structural elements that surround it. This aspect is the
critical factor in dynamic interaction with structures, as it
results in the perception of equilibrium as described in the
embodied simulation rather than simply the projection of
“force” by the body’s geometric relations. Therefore, the
influence of the structure on balance and bodily schema
which can alter one’s perception of and emotional response
to the building is twofold. First, structural forms imply a
state of balance in body posture. Second, structural form
implies the tendency and manner of interaction and move-
ment (position, orientation, scale) in relation to the body in
which it is placed. The former is analogous to implying the
muscular sensations of a body in fragile balance or out of
balance in a frame in the bodily schema series of motions
(Fig. 3). By contrast, the latter is intended to influence the
possibilities of interaction with the body through the
structure’s relationship to the body (Fig. 4). Both intend to
stimulate the arousal of different bodily schemas in people’s
experiences through the design of structural balance.
In particular, the dynamic interaction with structures is
not limited to the body’s action because the structure is
static. Moreover, predicting the person’s relative orienta-
tion, the field of view, and velocity in relation to the struc-
ture is difficult. Apart from direct stimulation of the
3
For other details about bodily schema, see Cuzzolaro, Massimo.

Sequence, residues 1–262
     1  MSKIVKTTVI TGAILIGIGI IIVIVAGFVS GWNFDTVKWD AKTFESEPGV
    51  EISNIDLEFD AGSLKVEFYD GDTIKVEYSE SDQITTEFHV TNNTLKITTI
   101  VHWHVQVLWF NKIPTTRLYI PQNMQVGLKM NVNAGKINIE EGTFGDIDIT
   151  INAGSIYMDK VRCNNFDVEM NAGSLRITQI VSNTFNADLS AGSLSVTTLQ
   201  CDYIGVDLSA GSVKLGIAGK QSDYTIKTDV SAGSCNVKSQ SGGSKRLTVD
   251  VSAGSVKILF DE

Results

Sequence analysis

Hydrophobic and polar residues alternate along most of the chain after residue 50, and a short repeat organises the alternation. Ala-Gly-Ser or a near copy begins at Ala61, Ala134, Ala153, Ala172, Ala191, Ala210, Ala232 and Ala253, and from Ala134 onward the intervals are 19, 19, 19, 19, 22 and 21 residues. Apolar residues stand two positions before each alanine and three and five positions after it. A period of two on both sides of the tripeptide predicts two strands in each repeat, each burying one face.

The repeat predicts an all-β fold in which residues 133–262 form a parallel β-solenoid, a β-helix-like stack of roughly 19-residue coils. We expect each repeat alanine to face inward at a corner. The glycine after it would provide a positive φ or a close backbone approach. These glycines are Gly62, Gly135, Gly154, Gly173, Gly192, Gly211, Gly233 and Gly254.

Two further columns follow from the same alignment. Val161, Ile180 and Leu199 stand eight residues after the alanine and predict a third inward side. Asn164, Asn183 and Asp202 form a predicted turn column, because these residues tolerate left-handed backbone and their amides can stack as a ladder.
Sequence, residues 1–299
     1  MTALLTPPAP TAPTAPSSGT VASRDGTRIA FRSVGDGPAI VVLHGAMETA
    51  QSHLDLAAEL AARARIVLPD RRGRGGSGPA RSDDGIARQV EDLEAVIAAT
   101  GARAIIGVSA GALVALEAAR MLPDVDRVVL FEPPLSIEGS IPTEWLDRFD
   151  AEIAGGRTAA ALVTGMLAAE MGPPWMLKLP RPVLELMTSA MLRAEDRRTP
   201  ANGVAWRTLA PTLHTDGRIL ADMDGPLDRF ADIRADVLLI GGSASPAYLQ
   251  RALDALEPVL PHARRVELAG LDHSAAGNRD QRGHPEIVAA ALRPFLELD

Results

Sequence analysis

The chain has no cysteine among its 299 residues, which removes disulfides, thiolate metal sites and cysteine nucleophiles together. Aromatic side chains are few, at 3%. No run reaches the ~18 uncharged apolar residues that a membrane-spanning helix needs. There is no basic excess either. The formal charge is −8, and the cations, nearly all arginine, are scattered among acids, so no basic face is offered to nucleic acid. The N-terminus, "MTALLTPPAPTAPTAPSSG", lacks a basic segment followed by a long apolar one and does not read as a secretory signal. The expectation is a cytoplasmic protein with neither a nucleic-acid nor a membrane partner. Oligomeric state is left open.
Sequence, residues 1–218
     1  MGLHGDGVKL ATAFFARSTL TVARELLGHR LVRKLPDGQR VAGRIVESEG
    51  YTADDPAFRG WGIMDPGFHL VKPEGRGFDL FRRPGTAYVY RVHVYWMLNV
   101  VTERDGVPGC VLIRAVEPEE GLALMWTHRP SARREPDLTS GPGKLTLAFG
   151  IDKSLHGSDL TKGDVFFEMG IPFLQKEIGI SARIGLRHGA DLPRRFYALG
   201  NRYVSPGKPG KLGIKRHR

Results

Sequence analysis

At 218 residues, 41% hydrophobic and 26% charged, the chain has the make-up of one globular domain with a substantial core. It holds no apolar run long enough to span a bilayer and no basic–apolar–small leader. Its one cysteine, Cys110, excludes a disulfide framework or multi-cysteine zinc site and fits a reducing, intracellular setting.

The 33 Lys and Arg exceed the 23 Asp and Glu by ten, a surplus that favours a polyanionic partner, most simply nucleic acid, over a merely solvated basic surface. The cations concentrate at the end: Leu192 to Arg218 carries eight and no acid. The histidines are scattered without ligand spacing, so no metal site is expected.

Body Schema and Body Image: History and Controversies. In: Cuz-
zolaro M., Fassino S. (eds) Body Image, Eating, and Weight. 2018,
Springer, Cham, pp. 1e24.
Frontiers of Architectural Research xxx (xxxx) xxx
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movement, the primary way structural design can convey
the perception of “force” rather than purely physical dis-
placementda concept coined by Rudolf von Laban as “im-
pulse or effort”dthrough the expression of dynamic bodily
action (Arnheim, 1974, p. 408).
4
In neuroscience, this
manifestation of force that results in a movement or the
proclivity to move is referred to the term enactive, and it is
the primary trigger for body movement and perception.
5
By
incorporating “Immobile Motion” between the structure and
the persondan invisible psychological effect of the
“tension” between us and the structural elementsdstatic
structures can still create “Directed Tension” within them
(Arnheim, 1974).
6
Recent research has even demonstrated
that people experience more kinetic sensations when con-
fronted with implied motion than when confronted with less
dynamic actions (Proverbio et al., 2009).